"For a ghost?" Murphy raised a disbelieving eyebrow.

"Well, maybe not all three," Bodie conceded. He ruffled Doyle's curls affectionately. "But I'm still drinking and I'm still singing!"

Murphy laughed as he got to his feet. He recovered his jacket from the back of the armchair, and jerked his head towards the door.

"There's a wine shop round the corner..."

Bodie stood up, smiled down at Doyle who swung himself into the space left by his partner, and grinned at their colleague.

"We'll have to owe it to you, mate..."

Murphy came to in the small hours of the morning, bladder bursting, and decided to make the brief sortie to the bathroom, praying that he wouldn't disturb his guests. He negotiated the obstacle course in his lounge, aided by the reflection of a street-lamp, relieved himself and then decided it wouldn't do any harm to check on his lodgers. Doyle was buried under a blanket on the settee, but God only knew where Bodie was... Perhaps he's gone out for wander... Cautiously, he approached the sofa to peer at Doyle in the half-hearted glow. The light was throwing his face into shadow, but as he drew near, the sleeper shifted restlessly, and Murphy had to smile: Bodie had obviously prevailed upon his partner's inbuilt sense of justice to let HIM have the couch for the night. In which case, where was Doyle?

The covers shifted again, as Bodie moved, causing him to mumble in his sleep. A hand appeared and shoved the edge of the blanket back.

"Can't breathe," Doyle complained drowsily, and he buried his face at Bodie's chest, as one large hand came up to tangle in his sweat-damp curls.

Murph couldn't help smiling as he watched them settle down. He gazed at Bodie's face, noting that the worry lines had eased in sleep, and how he had Doyle wrapped crossed his mind that Bodie may've been lying--that he might have contemplated suicide after Doyle's death but Doyle would've stopped him, of that Murphy had no doubt...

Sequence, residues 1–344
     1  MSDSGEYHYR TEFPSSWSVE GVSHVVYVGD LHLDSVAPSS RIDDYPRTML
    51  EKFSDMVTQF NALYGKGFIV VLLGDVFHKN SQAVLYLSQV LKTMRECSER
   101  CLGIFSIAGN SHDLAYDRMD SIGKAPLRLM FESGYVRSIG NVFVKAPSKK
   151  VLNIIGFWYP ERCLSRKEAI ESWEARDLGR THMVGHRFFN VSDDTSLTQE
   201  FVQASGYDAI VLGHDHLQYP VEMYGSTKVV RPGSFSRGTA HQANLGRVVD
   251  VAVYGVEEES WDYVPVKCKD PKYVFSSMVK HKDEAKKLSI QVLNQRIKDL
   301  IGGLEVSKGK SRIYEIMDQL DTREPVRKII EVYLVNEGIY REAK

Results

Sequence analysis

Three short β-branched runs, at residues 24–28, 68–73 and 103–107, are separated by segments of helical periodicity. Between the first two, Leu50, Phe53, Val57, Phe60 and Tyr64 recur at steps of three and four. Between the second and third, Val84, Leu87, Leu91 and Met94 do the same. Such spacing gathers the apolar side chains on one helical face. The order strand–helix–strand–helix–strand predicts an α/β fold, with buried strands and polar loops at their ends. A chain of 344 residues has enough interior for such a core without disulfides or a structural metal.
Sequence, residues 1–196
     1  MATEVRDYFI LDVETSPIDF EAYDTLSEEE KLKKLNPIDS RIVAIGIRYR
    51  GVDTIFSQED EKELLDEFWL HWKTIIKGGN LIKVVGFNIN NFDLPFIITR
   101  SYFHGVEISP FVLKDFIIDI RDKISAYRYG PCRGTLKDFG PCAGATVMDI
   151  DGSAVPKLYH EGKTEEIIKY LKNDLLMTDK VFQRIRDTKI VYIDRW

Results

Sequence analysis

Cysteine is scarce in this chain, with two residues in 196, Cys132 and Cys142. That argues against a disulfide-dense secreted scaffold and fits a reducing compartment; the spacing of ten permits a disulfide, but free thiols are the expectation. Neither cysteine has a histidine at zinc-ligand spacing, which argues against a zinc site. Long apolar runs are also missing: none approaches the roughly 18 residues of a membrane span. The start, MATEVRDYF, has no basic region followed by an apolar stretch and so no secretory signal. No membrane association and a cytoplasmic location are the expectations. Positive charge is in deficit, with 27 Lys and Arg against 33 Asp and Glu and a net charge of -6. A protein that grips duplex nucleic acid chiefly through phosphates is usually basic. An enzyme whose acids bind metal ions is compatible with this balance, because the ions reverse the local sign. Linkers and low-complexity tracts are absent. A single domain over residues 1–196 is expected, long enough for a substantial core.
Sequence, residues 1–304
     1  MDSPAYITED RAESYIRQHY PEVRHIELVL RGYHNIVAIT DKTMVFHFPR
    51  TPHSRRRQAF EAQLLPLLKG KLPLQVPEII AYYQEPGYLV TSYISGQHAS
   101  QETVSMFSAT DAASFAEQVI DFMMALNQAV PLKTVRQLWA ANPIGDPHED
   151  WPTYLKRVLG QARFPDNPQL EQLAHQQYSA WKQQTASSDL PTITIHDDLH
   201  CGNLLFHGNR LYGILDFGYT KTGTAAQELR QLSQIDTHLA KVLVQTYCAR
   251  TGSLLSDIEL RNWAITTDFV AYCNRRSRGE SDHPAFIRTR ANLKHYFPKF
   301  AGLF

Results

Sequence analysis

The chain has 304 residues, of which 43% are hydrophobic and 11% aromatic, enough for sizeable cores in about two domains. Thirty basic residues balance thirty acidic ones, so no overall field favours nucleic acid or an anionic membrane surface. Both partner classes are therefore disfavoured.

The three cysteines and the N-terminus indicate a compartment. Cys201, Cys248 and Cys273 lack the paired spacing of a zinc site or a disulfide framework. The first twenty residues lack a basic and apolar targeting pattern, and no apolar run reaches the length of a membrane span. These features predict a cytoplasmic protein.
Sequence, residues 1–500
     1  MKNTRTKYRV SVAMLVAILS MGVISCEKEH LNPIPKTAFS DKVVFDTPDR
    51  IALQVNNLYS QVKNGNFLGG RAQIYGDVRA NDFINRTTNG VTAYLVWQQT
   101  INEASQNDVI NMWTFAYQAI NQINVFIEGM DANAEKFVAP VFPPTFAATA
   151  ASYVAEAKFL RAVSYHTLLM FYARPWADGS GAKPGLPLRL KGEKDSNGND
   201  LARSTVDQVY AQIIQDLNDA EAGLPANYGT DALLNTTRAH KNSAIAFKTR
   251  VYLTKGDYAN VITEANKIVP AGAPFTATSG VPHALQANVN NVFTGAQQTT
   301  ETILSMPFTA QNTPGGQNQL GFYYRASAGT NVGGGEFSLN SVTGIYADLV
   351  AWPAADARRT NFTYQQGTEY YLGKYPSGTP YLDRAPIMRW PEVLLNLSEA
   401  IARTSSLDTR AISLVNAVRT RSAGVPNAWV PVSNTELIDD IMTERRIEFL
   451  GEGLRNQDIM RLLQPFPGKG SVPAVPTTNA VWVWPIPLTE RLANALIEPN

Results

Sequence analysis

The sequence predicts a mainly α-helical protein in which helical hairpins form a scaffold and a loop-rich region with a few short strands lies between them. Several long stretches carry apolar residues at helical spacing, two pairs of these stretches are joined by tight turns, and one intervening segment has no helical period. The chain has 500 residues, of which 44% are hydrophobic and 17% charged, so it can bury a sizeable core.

"Still, you got what you wanted in the end, Ray..."

Murphy backed away slowly, and returned to his own room.

Bodie had taken himself off for a walk the following morning, which left Murph free to speak to Doyle about the sleeping arrangements.

"It doesn't bother me, what you two get up to. You're both over twenty-one. But it'd get a bit embarrassing if I walk in with a bird and you two are having it away on the sofa."

"You want us to leave?" asked Doyle.

"No, I don't. What I'm suggesting is a two-bedroom flat, so that we can all get our oats in private. It's been on the cards that I'm due for another change of apartment, anyway, so if we could fix it with the admin. People..." Murphy's voice trailed off, as Doyle's grin grew broader.

"You leave that part of it to me, Murph," he beamed. "I'll pull a few strings, see what we can come up with..."

When Bodie got back, Murph retired to the kitchen to give them time to discuss the proposal, and when he brought the coffee through, he knew that Bodie had agreed to it. All they had to do, Bodie pointed out, was sneak the plan past Cowley...

Doyle went into HQ later that day, hoping to catch Betty during her lunch hour. He timed it to perfection: Cowley had just left for his appointment with Sir Evan Wallace, and most of the squad was out on the streets sniffing hard, being alert, as Cowley had intended they should be. Betty was typing up some letters on the forthcoming security seminar when he arrived.